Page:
One last shot at the Augmented Assignment PEP

Warren Focke wfocke at phoenixdsl.com
Thu Sep 14 23:37:37 CEST 2000


Steve Holden:
> I imagine that many hours of time will be wasted explaining to
> Pythion newbies on comp.lang.python why these unpleasant side-effects
> occur.

We already spend those hours explaining why 

a = [0]
b = a
b[0] = 1

changes a.


Huaiyu Zhu: 
> They look like assignment in other languages, but not at all
> like the reference-based name-binding assignment of python.

Alex Martelli:
> so-called "assignment" in Python is not really what programmers of C,
> Fortran, etc, think of as "assignment", but, actually, it's *binding* 
> [or re-binding]

Steve Holden:
> In 1.5.2 and preceding implementations we have got used to the idea that 
> a variable is, in fact, a pointer (or reference) to a value, and that if 
> we "modify the value of a variable" we are actually computing a new value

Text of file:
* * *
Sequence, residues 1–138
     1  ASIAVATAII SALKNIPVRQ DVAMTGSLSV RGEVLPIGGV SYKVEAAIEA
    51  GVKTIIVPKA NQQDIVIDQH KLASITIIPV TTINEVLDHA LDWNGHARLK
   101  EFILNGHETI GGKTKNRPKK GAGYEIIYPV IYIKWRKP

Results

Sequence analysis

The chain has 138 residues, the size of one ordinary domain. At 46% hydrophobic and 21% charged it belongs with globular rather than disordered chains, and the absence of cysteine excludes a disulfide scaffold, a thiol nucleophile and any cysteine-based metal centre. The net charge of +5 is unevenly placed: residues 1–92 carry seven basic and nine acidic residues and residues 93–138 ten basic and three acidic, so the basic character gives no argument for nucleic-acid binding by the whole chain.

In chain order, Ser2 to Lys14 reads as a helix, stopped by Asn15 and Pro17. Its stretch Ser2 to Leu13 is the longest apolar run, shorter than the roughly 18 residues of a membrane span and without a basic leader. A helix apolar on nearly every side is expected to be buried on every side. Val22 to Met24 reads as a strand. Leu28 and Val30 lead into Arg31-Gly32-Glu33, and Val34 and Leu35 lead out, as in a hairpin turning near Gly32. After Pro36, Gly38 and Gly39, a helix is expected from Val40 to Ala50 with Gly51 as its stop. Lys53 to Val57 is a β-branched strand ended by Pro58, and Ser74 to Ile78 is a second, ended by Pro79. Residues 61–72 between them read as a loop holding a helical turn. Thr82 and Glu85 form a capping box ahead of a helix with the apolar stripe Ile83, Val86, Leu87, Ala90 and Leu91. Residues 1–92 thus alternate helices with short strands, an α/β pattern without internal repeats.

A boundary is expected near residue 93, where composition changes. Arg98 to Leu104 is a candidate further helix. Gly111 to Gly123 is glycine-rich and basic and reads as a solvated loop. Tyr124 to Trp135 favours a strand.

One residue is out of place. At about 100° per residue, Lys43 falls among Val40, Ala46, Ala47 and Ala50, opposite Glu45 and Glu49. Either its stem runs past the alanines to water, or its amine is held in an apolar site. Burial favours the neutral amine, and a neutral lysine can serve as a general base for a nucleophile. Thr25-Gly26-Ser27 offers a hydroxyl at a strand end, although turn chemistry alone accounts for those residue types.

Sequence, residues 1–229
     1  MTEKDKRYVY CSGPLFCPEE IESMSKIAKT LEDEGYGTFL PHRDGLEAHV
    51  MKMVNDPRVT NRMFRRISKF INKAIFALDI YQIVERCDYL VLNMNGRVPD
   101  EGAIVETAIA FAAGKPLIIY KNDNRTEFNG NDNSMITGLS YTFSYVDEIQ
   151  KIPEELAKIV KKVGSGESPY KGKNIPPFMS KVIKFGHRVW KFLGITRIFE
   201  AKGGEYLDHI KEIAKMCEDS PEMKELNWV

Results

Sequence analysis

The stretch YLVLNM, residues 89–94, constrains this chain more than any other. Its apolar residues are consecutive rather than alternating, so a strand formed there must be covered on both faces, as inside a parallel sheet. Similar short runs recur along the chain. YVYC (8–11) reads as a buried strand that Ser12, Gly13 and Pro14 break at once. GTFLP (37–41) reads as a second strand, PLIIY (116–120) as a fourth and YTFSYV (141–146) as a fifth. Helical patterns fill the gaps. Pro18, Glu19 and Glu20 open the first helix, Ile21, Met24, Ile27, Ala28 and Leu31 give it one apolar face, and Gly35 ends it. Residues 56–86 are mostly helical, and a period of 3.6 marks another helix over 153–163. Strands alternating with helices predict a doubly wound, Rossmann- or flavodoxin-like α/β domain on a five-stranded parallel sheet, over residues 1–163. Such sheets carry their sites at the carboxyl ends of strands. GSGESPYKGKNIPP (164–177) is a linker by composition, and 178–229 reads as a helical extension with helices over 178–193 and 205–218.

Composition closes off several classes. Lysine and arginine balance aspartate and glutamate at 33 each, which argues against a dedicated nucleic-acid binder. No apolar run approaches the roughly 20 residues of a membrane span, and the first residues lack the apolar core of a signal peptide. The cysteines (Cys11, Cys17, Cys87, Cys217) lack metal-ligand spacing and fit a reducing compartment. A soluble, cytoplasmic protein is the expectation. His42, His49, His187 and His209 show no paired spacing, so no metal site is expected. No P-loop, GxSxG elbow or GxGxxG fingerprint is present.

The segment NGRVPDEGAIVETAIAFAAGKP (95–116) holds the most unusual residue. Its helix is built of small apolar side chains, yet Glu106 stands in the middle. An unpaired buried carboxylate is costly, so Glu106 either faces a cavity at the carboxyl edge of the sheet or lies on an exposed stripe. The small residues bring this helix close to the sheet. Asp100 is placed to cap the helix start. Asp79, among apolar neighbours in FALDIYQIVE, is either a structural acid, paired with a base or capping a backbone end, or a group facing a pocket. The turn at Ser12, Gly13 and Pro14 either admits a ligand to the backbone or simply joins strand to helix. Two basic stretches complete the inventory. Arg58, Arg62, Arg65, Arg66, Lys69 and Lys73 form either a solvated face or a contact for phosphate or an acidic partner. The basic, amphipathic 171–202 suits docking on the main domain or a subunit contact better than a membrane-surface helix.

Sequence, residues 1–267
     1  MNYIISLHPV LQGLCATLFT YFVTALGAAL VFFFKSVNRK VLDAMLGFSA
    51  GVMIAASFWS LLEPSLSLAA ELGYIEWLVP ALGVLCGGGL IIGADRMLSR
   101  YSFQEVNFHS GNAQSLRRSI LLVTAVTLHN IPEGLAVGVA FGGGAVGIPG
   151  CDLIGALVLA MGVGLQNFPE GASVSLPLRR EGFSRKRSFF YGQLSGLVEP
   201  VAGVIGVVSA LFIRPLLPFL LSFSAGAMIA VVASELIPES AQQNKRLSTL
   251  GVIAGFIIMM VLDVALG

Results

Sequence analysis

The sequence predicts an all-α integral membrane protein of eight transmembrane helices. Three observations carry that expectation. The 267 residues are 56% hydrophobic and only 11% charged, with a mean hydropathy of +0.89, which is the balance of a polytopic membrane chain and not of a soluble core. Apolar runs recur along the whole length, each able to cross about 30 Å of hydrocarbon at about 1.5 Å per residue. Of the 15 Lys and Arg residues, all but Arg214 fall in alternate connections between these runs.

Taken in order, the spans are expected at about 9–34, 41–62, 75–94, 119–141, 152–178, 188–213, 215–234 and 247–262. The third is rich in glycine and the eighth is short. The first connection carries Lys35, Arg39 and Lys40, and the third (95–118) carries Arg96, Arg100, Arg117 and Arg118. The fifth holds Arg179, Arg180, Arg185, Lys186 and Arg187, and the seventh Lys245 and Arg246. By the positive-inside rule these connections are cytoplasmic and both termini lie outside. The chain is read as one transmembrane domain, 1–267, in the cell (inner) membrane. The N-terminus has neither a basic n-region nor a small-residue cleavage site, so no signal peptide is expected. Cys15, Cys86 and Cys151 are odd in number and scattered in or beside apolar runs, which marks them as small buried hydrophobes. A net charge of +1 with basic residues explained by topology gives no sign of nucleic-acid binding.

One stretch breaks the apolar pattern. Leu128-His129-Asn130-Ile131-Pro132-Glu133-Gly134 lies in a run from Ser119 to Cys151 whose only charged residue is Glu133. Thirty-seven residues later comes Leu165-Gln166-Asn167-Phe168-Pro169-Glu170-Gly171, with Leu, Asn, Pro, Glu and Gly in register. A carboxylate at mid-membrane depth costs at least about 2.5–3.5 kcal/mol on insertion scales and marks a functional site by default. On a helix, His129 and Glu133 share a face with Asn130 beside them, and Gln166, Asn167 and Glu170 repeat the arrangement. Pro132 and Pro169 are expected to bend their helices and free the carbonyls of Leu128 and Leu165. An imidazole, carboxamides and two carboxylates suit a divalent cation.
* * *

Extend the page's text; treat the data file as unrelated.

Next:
> and then replacing the current variable's content with a reference to that 
> new value.

I've always been tempted to tell people to think of "=" as binding, not
assignment, but even in versions <= 2.0, it didn't always mean that:

a = [0]
a[0] = 1

No symbol rebinding here, although we have copied a reference.

b = array.array([0])
b[0] = 1

And here we haven't even done that.


Steve Holden:
> Yup.  I suppose the real dastardly part of the PEP is this:
>
>     "To make this possible, a number of new `hooks' are added to Python
[...]
> In other words, you have to know whether each type possesses the new
> hooks in order to be able to predict the effects of the operations.

But we already have to know how objects interpret operations in order to
predict the results.  E.g., does evaluating the expression

a + 0

mail the attack plans to the enemy before or after wiping the hard drive?


In short, the amount of time we spend explaining things to people who didn't
read the instructions, and the consistency of interpretation of "=", and what
we have to know haven't changed much.  But now some things can be expressed
more clearly, and in some cases, implemented more effieciently.

Warren Focke

-- 
Just because romance and rapture have so often served as a pretext for
curdled banality doesn't make the sentiments themselves obsolete.
 -- Michelle Goldberg



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